Merck Foundation set to increase number African oncologists

Merck Foundation supports the training of Twenty Future Oncologists in Africa through one and two year Oncology Fellowship Program in 2016 & 2017.

The second stage of Africa Oncology Fellowship Program that started in 2016 with the aim to increase the limited number of oncologists in Africa.

Dr. Rasha Kelej, CEO of Merck Foundation emphasized “One of the main objectives of Merck Foundation is to build a strong platform of qualified medical, paediatric and surgical oncologists across the continent through the Merck Africa Oncology Fellowship Program”.

“Twenty candidates from Uganda, Zambia, Ethiopia, Namibia, Ghana, Sierra Leone, Liberia, Tanzania and Kenya have enrolled in the Merck Africa Oncology Fellowship Program in partnership with African ministries of health, the University of Nairobi, Kenya, Tata Memorial Centre, India and Alexandria University, Egypt in 2016 and 2017. We are very proud of our contribution to lead Africa to a better future through changing the landscape of Cancer care in the continent”, Rasha Kelej added.

Prof. Frank Stangenberg- Haverkamp, Chairman of Executive Board and Chairman of Board of Trustees of Merck Foundation explained “Improving cancer care needs a substantial improvement in infrastructure and increase in the number of specialized workforce, which does not exist in many, if not most, Sub-Saharan African countries.”

“Enrolling more candidates from more African countries into our Fellowship Program, is an important step forward towards improving access to cancer care across the continent”.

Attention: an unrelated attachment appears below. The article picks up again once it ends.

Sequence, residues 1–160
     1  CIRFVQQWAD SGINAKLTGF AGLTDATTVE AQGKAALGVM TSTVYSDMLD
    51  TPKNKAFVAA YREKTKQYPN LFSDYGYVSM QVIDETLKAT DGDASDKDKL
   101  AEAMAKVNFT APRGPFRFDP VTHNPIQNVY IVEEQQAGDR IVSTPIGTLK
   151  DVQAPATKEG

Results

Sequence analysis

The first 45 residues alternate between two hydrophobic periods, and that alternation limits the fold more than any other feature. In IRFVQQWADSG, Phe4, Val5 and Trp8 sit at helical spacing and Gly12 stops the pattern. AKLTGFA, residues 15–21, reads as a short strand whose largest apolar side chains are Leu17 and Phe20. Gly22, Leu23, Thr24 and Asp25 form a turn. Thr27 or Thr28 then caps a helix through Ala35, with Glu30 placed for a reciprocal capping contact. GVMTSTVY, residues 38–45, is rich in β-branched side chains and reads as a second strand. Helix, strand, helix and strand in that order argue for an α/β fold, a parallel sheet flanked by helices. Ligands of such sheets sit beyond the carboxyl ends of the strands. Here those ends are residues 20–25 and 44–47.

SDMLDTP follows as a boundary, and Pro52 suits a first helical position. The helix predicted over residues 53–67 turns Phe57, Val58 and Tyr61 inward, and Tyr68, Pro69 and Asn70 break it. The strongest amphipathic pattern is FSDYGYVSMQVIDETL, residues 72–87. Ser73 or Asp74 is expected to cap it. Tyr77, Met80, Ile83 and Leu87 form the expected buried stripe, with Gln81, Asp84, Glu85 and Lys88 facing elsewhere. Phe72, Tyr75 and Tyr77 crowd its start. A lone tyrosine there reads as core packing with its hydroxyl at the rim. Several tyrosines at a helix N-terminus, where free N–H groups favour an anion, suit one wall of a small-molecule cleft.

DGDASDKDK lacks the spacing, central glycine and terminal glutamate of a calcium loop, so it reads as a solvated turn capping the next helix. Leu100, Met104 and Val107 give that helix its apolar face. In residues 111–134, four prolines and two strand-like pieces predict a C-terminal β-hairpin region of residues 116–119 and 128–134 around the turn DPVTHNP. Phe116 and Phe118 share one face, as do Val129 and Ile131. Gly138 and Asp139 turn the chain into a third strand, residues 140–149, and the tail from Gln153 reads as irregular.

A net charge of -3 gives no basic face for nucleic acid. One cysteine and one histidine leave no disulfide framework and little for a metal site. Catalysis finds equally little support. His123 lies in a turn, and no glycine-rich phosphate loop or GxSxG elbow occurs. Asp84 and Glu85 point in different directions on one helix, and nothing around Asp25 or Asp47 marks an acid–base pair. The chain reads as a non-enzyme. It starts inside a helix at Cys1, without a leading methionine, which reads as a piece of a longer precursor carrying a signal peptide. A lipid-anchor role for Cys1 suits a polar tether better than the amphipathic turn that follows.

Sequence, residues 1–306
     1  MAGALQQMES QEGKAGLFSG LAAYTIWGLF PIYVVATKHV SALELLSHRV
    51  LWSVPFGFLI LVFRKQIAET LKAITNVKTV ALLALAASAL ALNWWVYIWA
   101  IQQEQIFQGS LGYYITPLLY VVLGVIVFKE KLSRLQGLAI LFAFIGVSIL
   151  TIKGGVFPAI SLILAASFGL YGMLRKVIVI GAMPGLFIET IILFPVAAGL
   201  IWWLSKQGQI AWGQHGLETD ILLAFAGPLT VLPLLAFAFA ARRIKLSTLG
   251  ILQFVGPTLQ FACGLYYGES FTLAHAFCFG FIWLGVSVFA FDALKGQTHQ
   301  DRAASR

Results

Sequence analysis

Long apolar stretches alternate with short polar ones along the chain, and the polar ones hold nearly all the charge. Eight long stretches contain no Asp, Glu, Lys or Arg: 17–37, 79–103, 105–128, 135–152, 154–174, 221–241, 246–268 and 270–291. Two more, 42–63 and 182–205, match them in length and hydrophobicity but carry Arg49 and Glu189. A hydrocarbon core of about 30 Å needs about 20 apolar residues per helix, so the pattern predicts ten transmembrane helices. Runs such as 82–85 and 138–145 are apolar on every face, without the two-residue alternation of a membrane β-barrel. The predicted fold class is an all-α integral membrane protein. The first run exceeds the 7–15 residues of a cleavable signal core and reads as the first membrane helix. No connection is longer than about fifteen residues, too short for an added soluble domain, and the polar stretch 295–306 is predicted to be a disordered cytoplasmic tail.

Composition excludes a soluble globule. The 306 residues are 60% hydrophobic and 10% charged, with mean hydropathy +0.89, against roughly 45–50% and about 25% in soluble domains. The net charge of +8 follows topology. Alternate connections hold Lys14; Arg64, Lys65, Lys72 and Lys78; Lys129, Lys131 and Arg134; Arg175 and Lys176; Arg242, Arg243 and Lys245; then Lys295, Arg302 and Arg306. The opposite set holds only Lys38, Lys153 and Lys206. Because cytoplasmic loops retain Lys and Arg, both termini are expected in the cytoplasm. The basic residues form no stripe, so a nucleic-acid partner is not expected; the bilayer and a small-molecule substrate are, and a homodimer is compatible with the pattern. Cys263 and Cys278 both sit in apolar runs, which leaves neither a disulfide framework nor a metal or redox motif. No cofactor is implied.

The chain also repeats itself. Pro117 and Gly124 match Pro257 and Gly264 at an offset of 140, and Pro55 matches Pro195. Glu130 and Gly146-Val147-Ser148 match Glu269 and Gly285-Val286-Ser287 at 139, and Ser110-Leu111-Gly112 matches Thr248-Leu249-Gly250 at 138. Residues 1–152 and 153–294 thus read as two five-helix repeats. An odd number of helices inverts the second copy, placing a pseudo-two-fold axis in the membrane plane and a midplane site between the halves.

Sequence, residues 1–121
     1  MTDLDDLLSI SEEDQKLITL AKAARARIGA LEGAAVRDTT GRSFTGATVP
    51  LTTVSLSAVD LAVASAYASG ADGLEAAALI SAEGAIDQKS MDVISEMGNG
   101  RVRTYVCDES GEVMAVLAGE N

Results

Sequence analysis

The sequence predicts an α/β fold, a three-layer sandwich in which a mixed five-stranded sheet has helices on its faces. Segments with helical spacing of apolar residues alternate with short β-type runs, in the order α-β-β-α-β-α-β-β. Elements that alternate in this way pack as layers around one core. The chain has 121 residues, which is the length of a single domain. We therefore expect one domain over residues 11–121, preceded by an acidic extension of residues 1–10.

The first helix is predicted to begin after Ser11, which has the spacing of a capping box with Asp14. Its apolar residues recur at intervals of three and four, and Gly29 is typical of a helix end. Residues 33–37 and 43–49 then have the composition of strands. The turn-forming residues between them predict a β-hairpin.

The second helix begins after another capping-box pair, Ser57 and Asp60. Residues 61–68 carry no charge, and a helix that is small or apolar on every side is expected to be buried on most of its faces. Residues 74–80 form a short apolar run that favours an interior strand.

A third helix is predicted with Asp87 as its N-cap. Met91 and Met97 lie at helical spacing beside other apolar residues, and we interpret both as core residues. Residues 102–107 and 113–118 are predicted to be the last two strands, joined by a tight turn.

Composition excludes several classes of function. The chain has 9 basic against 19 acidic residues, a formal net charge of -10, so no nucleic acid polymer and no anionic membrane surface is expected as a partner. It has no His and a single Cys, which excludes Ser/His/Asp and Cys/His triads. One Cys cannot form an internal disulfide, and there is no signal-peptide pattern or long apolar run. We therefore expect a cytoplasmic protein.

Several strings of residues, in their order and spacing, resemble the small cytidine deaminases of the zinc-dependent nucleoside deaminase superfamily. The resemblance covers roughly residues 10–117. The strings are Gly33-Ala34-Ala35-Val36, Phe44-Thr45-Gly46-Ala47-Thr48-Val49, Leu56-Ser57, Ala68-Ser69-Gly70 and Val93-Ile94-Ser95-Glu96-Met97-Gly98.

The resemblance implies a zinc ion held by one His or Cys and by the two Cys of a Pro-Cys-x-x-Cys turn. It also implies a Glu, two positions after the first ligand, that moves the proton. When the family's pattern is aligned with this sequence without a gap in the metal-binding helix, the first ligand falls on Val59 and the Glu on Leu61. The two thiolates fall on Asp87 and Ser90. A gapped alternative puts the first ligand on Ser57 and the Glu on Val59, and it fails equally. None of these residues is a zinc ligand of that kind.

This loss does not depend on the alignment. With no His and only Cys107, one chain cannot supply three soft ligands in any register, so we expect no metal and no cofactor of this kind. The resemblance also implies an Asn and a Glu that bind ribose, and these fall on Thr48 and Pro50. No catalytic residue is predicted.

In June 2017, BIO Ventures for Global Health (BVGH), and the African Organization for Research and Training in Cancer (AORTIC), released a white paper on the African continent’s emerging cancer crisis.

Over 20% of African countries have no access to cancer treatments at all, while access is limited and sporadic in other countries. Later-stage diagnosis in African patients contributes to poorer outcomes. For example, 5-year female breast cancer relative survival rates are 46% in Uganda and 12% in The Gambia, compared with around 90% in developed countries, the report cited.

In partnership with Ministries of Health across Africa, the Merck Africa Oncology Fellowship Program provides one-year and two-year oncology fellowship programs and a three year master degree in medical oncology at Tata Memorial Centre, India, University of Nairobi, Kenya and Alexandria University, Egypt, respectively.

Launched in 2016 as part of Merck cancer Access Program, with the aim to increase the limited number of qualified oncologists in the continent, 3 medical doctors from Sub-Saharan African countries Kenya and South Africa were granted a two-year Africa medical oncology fellowship training at the University of Nairobi.

In addition, Merck Foundation supported another two African doctors from Ghana and Tanzania for the Paediatric and Adult Medical Fellowship program that is conducted annually at Tata Memorial Centre, India.

“We will continue to enrol more candidates and engage other countries on this program as we firmly believe this is a vital component of improving the quality and accessibility of cancer care in Africa,” added Rasha Kelej.

Solutions for Cancer Access
The inaugural Merck Africa Asia Luminary, holding 24 – 25 October 2017 in Cairo, Egypt, will feature a workshop dedicated exclusively to improve access to cancer care through Capacity building through Merck Foundation.

It will convene key players from the global, regional and local cancer network, health ministers, First Ladies, with the goal of encouraging dialogue among stakeholders, raise awareness of the issues, explore partnership opportunities to generate ideas for potential solutions to existing challenges.

Call for Action
“A world where everyone should lead a healthy and fulfilling life, this is Merck Foundation’s vision. We are working together to achieve the Sustainable Development goals- SDGs.

The SDG 3: Ensure healthy lives and promote wellbeing for all at all ages, calls us to sustainably invest on building healthcare capacity to improve access to safe, effective, quality, and affordable healthcare solutions for all by 2030.” Dr. Kelej emphasized.

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